First, I’ve got to say that I love how these photos turned out. I finally managed to catch the sheen of the bamboo rayon in Bamboo Bloom yarn. It doesn’t hurt that the texture of this yarn really shows as well.
Today, I’ll explain how I make a very randomly textured fabric by using a bit of number fun…NO MATH really…well, I lie, 1 addition equation, but then it’s just patterning after that.
My Centennial Cowl
I call this a centennial cowl because it’s based on my birth year, 1967, Canada’s centennial year. The fun part of this cowl pattern is that it’s based on a pattern sequence determined by the birth year of the knitter or the recipient of the cowl.
My birthday is August 10, 1967. For this pattern, I need to use all the numbers of my birth date: 08-10-1967. If you have zeroes in your date, you’ll need to ignore them, as did I, so my new number sequence is: 8-1-1-9-6-7. This number sequence is used for two types of pattern and stitch repeats.
To knit this cowl out of Bamboo Bloom thick-n-thin yarn, simply cast on about 100 stitches on size 6mm or 6.5mm needles. You can cast on more or fewer stitches, but you just want to make sure that the number of stitches you cast on IS NOT a multiple of the sum of your birth date numbers.
For example: 8+1+1+9+6+7 = 32, so I would NOT want to cast on 96 or 128 sts, because those two numbers are multiples of 32. With 100 sts, I’m guaranteed that my stitch pattern will be fairly random every round.
So back to your pattern. Cast on your desired number of stitches and join in the round, making sure you don’t have a twist in your cast-on stitches.
The first way that the number sequence applies to your knitting is on the rounds I knit for the cowl. In my case, I would knit 8 rounds where the first stitch of the stitch sequence is always a knit, then 1 round, where the first stitch of the sequence is a purl, then 1 row as a knit, then 9 rows as a purl, then 6 rows as a knit and 7 rows as a purl.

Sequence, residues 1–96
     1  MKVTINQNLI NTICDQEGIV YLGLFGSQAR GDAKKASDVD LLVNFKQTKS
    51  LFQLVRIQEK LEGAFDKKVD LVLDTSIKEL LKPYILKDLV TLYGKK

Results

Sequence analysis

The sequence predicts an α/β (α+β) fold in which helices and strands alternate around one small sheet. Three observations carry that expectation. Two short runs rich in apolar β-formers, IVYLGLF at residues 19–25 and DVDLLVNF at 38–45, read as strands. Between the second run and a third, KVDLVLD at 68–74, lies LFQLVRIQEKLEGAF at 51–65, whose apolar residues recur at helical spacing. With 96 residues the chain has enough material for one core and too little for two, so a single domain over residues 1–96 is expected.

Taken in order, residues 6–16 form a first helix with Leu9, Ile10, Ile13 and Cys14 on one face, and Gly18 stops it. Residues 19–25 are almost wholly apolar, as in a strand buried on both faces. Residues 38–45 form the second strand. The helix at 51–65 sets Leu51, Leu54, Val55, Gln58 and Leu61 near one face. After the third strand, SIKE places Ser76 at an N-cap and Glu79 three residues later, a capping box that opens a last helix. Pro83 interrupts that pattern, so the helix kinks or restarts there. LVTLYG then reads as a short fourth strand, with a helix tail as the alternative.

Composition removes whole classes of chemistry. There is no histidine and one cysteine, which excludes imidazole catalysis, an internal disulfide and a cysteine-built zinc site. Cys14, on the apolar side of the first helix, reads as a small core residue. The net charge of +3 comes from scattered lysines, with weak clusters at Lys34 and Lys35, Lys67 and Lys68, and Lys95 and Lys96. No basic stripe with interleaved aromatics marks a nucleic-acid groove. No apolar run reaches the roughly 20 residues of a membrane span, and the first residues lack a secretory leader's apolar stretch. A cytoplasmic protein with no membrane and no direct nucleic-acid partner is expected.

The second way that the number sequence applies to the pattern is the combination of knit and purl stitches. In my cowl my first row was: *k8, p1, k1, p9, k6, p7; rep from * around. Because I don’t have a multiple of 32, when I get to the end of the round, I’ll be somewhere in the middle of the sequence. That’s fine, I don’t interrupt the sequence, I simply mark the join with a stitch marker and finish the sequence till I’ve done the p7.
Then I begin the sequence again with k8 p1, etc. I do this for a total of 8 times. Then the next time I start a sequence past the beginning of round stitch marker, I begin the sequence with purl: *p8, k1, p1, k9, p6, k7; rep from * around. But I do this just once, because according to my row sequence, I now need to work another row that begins with a knit stitch. And so on.
This semi-random sequence of numbers eventually creates an evenly distributed series of ridges and valleys in garter, stockinette, and reverse stockinette stitches.
I’m not into numerology or anything like that, but I do think it’s a fun way to personalize a knitted gift for a friend, just by knitting a little meaningful code that represents them right into the fabric. Bamboo Bloom is a great yarn for this type of project as it’s not scratchy, but it’s warm enough for those in between seasons.
One hank makes a cowl that’s between 23½ʺ to 27½ʺ [60 to 70cm] around and 4½ʺ to 6″ [12 to 15cm] wide, so two hanks would make a nice substantial cowl or an infinity scarf.
This is part 5 of 5 in this series.
Go back to part 4: How to avoid pooling in knit fabric
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